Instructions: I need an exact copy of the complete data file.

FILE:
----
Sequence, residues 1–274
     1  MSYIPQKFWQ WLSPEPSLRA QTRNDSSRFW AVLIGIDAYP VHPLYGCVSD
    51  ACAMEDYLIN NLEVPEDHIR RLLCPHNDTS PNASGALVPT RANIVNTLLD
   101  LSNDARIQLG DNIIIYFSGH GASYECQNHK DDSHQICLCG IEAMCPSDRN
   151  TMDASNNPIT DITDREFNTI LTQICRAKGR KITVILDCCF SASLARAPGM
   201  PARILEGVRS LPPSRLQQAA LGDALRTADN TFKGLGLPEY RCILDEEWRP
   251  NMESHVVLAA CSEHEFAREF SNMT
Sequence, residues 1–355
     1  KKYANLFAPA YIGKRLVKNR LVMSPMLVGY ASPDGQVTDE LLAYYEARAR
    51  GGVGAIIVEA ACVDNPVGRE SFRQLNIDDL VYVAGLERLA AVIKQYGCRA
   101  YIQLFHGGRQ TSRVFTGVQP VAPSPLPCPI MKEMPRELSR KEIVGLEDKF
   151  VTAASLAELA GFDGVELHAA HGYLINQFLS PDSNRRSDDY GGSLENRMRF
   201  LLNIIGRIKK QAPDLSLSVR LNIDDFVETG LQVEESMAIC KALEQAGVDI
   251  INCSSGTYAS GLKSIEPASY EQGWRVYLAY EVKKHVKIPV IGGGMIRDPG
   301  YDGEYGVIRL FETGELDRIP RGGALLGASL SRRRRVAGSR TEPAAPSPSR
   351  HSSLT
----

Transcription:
Sequence, residues 1–274
     1  MSYIPQKFWQ WLSPEPSLRA QTRNDSSRFW AVLIGIDAYP VHPLYGCVSD
    51  ACAMEDYLIN NLEVPEDHIR RLLCPHNDTS PNASGALVPT RANIVNTLLD
   101  LSNDARIQLG DNIIIYFSGH GASYECQNHK DDSHQICLCG IEAMCPSDRN
   151  TMDASNNPIT DITDREFNTI LTQICRAKGR KITVILDCCF SASLARAPGM
   201  PARILEGVRS LPPSRLQQAA LGDALRTADN TFKGLGLPEY RCILDEEWRP
   251  NMESHVVLAA CSEHEFAREF SNMT
Sequence, residues 1–355
     1  KKYANLFAPA YIGKRLVKNR LVMSPMLVGY ASPDGQVTDE LLAYYEARAR
    51  GGVGAIIVEA ACVDNPVGRE SFRQLNIDDL VYVAGLERLA AVIKQYGCRA
   101  YIQLFHGGRQ TSRVFTGVQP VAPSPLPCPI MKEMPRELSR KEIVGLEDKF
   151  VTAASLAELA GFDGVELHAA HGYLINQFLS PDSNRRSDDY GGSLENRMRF
   201  LLNIIGRIKK QAPDLSLSVR LNIDDFVETG LQVEESMAIC KALEQAGVDI
   251  INCSSGTYAS GLKSIEPASY EQGWRVYLAY EVKKHVKIPV IGGGMIRDPG
   301  YDGEYGVIRL FETGELDRIP RGGALLGASL SRRRRVAGSR TEPAAPSPSR
   351  HSSLT